The merits of CDUS are obvious, which include no intravenous contrast, and no radiation exposure. In addition, it is an imaging technique with additional hemodynamic data (blood flow velocities). Tashiro et al. (23) have already proved this in their study, which was consistent with our results. However, CDUS has many disadvantages. It is relatively inaccurate in caliber detecting and it is a technician-dependent procedure and non-reproducible. Evidence on applying CDUS alone in the perforator-based flaps evaluation, especially in the abdominal regions, is not compelling due to the inconsistent data from a lot of studies. Blondeel et al. (24) and Giunta et al. (11) have reported a very high proportion of false positive results. From their study, ultrasonography did not seem to be the best option.
In 2012, Pratt presented an objective evidence-based review of the literature about preoperative imaging of perforator vasculatures in planning microvascular reconstructions (13). They summarized that sufficient evidence existed in demonstrating that CTA was the gold standard for perforator mappings. Several other studies also suggested that the perforator-based flap designs via CTA reduced the risks of flap complications and associated donor site morbidity for breast reconstructions (13, 25, 26). In our study, CTA identified SCIAs in 93.8 percent (15/16) of the total 16 sides. The location of the perforators identified by CTA was found in a 0.8 cm diameter circle area. This was later verified during harvesting of the flap intraoperatively. CTA was significantly sensitive in identifying SCIA perforators preoperatively. Comparing the results between CTA and intraoperative findings, CTA was also able to effectively evaluate the calibers of the perforator vessels. As was shown in our results, the branching patterns were optimally displayed using 3D reconstruction maximum-intensity projection images.
A few studies assessing the use of MRA for preoperative detections of perforator arteries can be found in the literature (16, 27). The use of MRA seems to be associated with the concern of being an expensive and time-consuming modality. However, MRA has its own advantages over the previously described two techniques. It minimizes radiation exposure and has a better muscle-to-vessel contrast. The use of contrast-enhanced MRA has been previously described for preoperative SCIP flap designs. According to these studies, it has the advantages of a cross-sectional imaging technique, providing accessible images to the surgeons, while not exposing the patient to ionizing radiation. In order to avoid the injection of contrast agents for MRA images, we came up with a novel 3D TOF-MRA technique for perforator-based flap designs. This unique non-invasive imaging modality provides actionable images without contrast or radiation exposure and can provide an anatomic map with the same accuracy. The results of our study also revealed that 3D TOF-MRA was able to correctly identify and measure the lengths of SCIA perforators, and to measure the caliber in much the same way as other invasive MRA techniques. Meanwhile, the examination via 3D TOF-MRA is cheaper than CTA according to our results.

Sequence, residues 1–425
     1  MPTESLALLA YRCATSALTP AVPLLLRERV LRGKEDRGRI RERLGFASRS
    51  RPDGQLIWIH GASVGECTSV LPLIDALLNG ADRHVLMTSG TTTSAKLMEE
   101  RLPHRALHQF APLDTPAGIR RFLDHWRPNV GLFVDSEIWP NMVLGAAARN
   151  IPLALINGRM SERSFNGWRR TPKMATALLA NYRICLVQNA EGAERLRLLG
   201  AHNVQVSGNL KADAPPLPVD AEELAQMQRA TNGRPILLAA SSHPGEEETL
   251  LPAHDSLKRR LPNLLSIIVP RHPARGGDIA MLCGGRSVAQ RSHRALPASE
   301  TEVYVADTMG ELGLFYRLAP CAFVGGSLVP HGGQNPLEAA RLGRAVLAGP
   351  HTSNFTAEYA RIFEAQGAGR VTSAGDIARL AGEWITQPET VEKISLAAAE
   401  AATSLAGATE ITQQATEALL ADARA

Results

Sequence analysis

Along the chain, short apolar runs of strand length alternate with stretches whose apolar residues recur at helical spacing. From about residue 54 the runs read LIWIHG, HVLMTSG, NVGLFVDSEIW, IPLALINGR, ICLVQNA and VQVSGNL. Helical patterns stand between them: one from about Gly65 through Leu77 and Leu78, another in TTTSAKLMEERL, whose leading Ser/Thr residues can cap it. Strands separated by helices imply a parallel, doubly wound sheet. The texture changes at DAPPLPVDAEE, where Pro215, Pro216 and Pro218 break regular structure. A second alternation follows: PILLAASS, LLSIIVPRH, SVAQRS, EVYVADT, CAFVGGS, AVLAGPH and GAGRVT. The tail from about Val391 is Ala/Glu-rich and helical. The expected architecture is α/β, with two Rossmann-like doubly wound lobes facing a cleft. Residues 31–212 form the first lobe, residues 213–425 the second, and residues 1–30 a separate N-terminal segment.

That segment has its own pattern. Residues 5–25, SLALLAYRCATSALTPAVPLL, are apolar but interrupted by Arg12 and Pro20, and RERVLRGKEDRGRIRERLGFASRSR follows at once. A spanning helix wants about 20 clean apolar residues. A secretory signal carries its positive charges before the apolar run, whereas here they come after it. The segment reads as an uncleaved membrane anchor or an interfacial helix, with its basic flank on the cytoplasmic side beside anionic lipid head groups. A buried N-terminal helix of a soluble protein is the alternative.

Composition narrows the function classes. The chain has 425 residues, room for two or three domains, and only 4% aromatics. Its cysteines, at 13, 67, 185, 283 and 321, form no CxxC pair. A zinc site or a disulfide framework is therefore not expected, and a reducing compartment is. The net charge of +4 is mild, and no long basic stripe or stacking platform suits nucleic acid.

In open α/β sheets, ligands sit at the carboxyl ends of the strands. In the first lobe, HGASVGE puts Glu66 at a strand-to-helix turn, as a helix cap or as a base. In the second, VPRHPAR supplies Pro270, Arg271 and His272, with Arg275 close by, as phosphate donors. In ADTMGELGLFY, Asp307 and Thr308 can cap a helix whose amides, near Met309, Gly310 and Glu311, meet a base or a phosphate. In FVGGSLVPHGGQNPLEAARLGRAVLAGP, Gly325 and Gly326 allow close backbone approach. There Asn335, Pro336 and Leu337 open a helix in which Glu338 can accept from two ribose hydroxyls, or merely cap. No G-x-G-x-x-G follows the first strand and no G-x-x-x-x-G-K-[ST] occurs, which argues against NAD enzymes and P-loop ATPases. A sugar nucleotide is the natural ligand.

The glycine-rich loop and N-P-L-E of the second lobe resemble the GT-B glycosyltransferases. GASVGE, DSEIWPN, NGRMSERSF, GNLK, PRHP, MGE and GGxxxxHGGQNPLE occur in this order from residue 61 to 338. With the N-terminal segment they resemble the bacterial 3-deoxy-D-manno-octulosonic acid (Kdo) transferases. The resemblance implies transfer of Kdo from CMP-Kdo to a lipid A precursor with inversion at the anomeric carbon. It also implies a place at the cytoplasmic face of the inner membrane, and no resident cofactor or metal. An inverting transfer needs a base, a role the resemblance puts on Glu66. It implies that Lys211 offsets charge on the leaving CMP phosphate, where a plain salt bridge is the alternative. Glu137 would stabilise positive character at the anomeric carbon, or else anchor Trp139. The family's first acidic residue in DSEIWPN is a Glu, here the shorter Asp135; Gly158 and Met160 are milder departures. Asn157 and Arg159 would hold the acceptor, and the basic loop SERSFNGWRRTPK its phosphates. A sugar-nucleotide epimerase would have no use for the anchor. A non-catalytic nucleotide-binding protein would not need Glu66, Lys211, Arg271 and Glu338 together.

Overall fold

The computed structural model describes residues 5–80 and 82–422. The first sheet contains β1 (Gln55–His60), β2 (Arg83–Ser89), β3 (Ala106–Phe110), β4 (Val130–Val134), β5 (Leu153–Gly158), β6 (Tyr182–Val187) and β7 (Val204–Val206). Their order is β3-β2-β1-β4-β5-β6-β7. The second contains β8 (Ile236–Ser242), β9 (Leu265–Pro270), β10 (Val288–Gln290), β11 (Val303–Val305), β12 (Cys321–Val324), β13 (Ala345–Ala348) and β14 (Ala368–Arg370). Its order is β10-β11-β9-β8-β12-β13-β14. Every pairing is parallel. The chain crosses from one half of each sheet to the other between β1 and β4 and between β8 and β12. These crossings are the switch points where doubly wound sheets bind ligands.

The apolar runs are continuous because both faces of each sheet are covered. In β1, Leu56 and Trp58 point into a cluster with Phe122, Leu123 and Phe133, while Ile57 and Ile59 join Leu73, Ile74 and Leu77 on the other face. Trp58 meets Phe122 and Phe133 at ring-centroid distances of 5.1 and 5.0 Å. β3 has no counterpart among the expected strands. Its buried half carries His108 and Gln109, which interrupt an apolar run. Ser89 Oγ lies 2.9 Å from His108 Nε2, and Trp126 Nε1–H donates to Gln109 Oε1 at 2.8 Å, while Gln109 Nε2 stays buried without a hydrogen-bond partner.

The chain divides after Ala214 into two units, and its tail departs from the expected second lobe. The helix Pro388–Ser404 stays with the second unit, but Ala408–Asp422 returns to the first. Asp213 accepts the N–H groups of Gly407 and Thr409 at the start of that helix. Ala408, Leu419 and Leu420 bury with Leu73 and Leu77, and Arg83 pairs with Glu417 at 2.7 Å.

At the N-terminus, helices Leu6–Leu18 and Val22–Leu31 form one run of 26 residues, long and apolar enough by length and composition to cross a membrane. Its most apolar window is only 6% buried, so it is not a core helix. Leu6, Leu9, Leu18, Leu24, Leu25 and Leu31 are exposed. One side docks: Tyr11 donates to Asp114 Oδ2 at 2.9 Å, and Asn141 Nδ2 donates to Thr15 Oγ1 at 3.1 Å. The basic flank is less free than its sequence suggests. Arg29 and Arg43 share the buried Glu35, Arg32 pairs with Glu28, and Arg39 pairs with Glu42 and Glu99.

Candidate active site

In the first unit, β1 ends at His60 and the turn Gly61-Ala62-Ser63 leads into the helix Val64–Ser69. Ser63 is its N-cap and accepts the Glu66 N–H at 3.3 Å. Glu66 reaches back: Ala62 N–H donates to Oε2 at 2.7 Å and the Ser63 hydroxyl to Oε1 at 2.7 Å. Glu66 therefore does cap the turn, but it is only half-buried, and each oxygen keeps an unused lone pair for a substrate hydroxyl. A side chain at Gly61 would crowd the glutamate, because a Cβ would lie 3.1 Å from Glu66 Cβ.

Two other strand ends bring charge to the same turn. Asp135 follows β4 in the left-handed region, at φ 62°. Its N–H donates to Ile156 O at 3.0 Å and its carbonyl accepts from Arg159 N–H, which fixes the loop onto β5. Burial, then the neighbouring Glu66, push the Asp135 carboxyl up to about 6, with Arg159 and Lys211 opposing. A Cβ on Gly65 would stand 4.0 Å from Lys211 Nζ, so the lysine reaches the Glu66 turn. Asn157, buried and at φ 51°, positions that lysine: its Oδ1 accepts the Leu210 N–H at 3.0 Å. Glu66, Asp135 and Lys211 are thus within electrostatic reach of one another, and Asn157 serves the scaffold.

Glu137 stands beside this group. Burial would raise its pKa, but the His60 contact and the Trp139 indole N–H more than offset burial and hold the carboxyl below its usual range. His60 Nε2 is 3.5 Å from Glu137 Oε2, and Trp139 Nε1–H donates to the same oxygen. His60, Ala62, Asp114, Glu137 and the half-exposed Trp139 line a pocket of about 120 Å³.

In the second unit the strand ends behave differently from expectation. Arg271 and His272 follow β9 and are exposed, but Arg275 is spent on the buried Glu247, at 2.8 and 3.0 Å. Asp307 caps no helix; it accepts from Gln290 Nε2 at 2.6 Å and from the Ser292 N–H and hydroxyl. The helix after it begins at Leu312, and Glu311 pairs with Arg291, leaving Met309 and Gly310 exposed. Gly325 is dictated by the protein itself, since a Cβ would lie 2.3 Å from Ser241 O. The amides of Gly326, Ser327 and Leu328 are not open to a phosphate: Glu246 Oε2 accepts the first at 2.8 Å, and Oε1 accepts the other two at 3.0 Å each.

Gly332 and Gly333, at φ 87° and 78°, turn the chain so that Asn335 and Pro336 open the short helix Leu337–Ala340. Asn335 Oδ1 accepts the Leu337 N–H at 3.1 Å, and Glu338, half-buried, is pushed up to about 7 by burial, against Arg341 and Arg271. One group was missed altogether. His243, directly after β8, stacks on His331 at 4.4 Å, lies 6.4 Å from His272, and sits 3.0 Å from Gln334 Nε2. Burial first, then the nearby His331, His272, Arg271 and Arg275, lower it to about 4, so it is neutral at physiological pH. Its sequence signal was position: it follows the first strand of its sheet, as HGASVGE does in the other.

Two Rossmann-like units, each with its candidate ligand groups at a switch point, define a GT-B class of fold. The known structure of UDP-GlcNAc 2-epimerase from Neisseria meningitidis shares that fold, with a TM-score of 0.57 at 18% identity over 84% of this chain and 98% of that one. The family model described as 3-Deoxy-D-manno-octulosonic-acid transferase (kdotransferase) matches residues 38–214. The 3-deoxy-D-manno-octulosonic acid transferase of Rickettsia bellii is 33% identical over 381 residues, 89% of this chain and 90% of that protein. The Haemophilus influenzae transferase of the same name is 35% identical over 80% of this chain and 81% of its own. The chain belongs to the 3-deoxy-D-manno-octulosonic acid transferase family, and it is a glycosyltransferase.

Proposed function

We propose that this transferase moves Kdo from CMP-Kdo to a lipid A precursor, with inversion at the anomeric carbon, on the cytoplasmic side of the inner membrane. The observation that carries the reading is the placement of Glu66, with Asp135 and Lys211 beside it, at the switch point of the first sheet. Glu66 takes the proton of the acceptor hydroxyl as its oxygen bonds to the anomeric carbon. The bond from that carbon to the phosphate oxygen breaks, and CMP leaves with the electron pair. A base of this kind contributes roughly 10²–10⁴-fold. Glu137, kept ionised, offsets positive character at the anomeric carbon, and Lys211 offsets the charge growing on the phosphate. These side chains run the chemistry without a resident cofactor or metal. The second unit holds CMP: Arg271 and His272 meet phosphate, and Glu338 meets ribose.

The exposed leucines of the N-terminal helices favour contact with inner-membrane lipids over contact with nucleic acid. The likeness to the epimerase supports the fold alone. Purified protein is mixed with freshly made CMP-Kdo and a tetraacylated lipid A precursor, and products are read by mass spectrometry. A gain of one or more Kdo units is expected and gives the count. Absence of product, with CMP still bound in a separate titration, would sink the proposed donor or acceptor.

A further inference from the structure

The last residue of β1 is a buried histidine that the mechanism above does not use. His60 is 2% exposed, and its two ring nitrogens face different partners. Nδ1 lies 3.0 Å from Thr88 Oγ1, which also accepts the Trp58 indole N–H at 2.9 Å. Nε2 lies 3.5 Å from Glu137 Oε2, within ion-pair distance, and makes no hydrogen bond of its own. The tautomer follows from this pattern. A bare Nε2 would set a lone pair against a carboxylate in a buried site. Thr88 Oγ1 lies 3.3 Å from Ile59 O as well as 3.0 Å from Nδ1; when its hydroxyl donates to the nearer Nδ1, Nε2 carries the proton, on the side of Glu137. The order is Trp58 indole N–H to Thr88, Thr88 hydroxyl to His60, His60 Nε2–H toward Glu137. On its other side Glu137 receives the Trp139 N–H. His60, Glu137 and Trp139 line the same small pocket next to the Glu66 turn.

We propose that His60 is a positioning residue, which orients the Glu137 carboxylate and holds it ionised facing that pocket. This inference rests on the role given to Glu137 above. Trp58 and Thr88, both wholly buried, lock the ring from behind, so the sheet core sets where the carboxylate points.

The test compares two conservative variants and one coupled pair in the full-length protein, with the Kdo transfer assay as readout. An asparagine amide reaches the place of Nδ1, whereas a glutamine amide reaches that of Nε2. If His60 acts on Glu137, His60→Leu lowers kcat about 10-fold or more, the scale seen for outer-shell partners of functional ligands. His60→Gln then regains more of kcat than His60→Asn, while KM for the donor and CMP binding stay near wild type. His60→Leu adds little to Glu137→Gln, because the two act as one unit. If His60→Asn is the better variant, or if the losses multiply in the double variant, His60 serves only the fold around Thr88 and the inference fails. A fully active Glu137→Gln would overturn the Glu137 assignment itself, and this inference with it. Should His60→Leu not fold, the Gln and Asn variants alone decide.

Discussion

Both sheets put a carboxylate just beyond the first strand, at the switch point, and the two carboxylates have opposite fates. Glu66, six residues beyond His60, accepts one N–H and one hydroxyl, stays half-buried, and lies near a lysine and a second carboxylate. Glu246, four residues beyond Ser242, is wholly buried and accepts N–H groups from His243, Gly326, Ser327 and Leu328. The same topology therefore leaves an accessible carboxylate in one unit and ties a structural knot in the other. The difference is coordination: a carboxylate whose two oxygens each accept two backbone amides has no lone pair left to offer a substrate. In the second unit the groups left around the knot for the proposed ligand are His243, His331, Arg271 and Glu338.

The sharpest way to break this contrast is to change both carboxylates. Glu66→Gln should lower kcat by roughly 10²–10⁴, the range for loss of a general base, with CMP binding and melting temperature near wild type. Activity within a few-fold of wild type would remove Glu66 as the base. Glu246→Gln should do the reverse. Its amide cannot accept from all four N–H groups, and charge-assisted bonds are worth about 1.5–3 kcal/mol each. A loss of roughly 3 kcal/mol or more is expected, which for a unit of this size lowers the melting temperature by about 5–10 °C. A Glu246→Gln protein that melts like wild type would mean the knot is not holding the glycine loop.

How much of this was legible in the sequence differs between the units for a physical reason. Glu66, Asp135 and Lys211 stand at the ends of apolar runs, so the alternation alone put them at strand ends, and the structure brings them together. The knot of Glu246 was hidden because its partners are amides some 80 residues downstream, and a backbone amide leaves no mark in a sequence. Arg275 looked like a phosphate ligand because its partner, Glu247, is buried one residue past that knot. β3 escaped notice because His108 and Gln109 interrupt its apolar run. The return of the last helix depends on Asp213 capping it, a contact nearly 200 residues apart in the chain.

Both 3D TOF-MRA and CTA have been proven to be highly effective and accurate at imaging perforators for the SCIA perforator flap harvest. However, they required a significant time investment for imaging evaluations on the part of both radiologists and operating surgeons, and additional costs were involved in the use of these modalities. Both CTA and 3D TOF-MRA were very accurate for localizing the course of the perforator vessels, and the images can be visually and repetitively analyzed preoperatively. From our perspective, 3D TOF-MRA is better than CTA because patients can avoid ionizing radiation and contrast agents. In addition, 3D TOF-MRA was capable of delivering higher resolution scans with reduced scanning times. For these reasons, 3D TOF-MRA presents a very promising advancement in the preoperative evaluation of SCIP flaps.
We were aware of the limitations of our study that the design was retrospective, the sample size was small and the artificial errors could not be avoided after dissecting and ligating the vessels. Admittedly, it is possible that intraoperative measurements may be slightly changed or altered due to surgical dissection and manipulation. Besides, there may also be minor differences between preoperative and intraoperative setting in terms of the vessel calibers, perforator positions and depths of perforators’ piercing points. According to other studies with regards to preoperative radiological estimation and intraoperative realization, these “virtual to real” discrepancies in term of different settings were generally unmentioned or neglected. We acknowledged that the predictive power of these preoperative measurements may be slightly affected due to intraoperative manipulations, including dissections and ligations. For the sake of accuracy, we acknowledged these discrepancies. The power analysis was not performed in this study. Thus, we expect to use the implications or preliminary conclusions for a design of future prospective study.
In conclusion, based on our study, 3D TOF-MRA showed the relative superiority in preoperative SCIP flap designs when compared with CDUS and CTA. It was non-invasive, non-irradiated, reproducible, and effective. 3D TOF-MRA might be a promising candidate for the design of flaps derived from groin vascular anatomy.